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Convair NB-36H

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Title: Convair NB-36H  
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Convair NB-36H

The Convair NB-36 in flight, with a B-50.
Role Bomber
Manufacturer Convair
Status Cancelled
Primary user United States Air Force
Number built 1
Developed from Convair B-36
Developed into Convair X-6
Serial 51-5712

The Convair NB-36H was a bomber that carried a nuclear reactor. It was also known as the "Crusader".[1] It was created for the Aircraft Nuclear Propulsion program, or the ANP, to show the feasibility of a nuclear-powered bomber. Its development ended with the cancellation of the ANP program.

Design and development

The NB-36H was converted from a B-36H that had been damaged by a tornado. The original crew and avionics cabin was replaced by a massive lead and rubber lined 11 ton crew section for a pilot, copilot, flight engineer and two nuclear engineers. Even the small windows had 10-12 inch thick lead glass. [2][3][4][1] Unlike the planned Convair X-6, the three-megawatt air-cooled reactor in the NB-36H did not power any of the aircraft's systems, nor did it provide propulsion, but was placed on the NB-36H to measure the effectiveness of the shielding.[1]

Flight events

An underside view of the aircraft.

The NB-36H completed 47 test flights and 215 hours of flight time (during 89 of which the reactor was operated) between September 17, 1955, and March 1957[5] over New Mexico and Texas. Although it was never needed, there was a direct hotline to the President's office set up in case of a nuclear accident on board the aircraft.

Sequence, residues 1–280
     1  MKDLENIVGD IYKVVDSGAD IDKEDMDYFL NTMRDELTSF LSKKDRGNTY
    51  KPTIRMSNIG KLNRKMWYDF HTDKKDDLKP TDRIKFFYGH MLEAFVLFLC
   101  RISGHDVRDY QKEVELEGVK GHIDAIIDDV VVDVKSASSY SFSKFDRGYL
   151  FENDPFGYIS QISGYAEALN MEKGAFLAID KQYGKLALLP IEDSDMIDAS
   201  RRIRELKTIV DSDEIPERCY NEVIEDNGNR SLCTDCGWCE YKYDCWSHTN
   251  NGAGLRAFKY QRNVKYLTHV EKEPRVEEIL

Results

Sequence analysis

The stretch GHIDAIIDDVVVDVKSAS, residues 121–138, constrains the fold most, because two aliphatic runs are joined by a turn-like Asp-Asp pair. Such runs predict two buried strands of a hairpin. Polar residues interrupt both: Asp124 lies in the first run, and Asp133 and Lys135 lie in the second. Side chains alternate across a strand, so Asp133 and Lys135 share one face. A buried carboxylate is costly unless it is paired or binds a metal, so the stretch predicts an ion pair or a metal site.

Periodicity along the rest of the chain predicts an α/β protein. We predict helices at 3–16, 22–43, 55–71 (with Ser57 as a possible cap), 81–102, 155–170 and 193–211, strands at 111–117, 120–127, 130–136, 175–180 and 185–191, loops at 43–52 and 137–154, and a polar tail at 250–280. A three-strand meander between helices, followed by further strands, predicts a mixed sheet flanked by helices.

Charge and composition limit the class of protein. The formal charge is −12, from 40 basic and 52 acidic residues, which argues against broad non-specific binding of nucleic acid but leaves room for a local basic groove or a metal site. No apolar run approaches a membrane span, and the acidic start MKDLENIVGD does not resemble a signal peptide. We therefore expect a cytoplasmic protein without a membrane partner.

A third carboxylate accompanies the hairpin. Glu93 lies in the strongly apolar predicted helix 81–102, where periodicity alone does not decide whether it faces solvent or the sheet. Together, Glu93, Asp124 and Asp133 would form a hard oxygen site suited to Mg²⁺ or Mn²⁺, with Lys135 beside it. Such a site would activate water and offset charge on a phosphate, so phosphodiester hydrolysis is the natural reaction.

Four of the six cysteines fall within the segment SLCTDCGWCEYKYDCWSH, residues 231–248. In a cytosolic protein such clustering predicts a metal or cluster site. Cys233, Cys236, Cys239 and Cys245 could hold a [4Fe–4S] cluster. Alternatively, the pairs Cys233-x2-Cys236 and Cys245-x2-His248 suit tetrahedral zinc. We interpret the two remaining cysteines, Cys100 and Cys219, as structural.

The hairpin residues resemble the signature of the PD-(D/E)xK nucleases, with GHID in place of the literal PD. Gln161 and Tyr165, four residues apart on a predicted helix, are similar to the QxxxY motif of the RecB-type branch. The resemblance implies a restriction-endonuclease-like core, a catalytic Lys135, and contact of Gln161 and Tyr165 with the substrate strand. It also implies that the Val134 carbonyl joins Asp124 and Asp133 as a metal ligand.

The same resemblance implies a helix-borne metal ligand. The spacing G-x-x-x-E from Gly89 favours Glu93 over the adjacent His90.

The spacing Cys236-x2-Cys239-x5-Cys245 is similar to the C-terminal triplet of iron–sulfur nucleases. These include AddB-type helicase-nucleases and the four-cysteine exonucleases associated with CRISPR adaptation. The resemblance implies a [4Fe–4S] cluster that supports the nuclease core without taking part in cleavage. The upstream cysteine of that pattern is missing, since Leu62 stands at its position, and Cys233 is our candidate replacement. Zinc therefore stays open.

United States


The NB-36H in flight. Note the 2 pods; each was mounted near the wingtips of the aircraft and both carried two GE J47 jet engines each.

See also

Related Development

Comparable Aircraft


  1. ^ a b c """Convair NB-36H "The Crusader. National Museum of the US Air Force. 2009-06-26. Retrieved 2012-01-24. 
  2. ^ "Convair NB-36: Bomber Aircraft with an Internal Nuclear Reactor". Avia Time. 25 March 2013. Retrieved 5 April 2014. 
  3. ^ "Converted B-36 bomber (NB-36H)". The U.S. Nuclear Weapons Cost Study Project.  
  4. ^ Colon, Raul (2007-08-06). "Flying on Nuclear, The American Effort to Built a Nuclear Powered Bomber". The Aviation History Online Museum. Retrieved 2012-01-24. 
  5. ^ Atomic Energy Commission and Department of Defense (February 1963). Report to the Congress of the United States – Review of manned aircraft nuclear propulsion program. The Comptroller General of the United States. p. 141. Retrieved 2012-01-24. 
  • Winchester, Jim. Concept Aircraft: Prototypes, X-Planes, and Experimental Aircraft. Thunder Bay Press, 2005. ISBN 978-1592234806

External links

  • "Hot Flight" The quest for nuclear-powered flight. on YouTube
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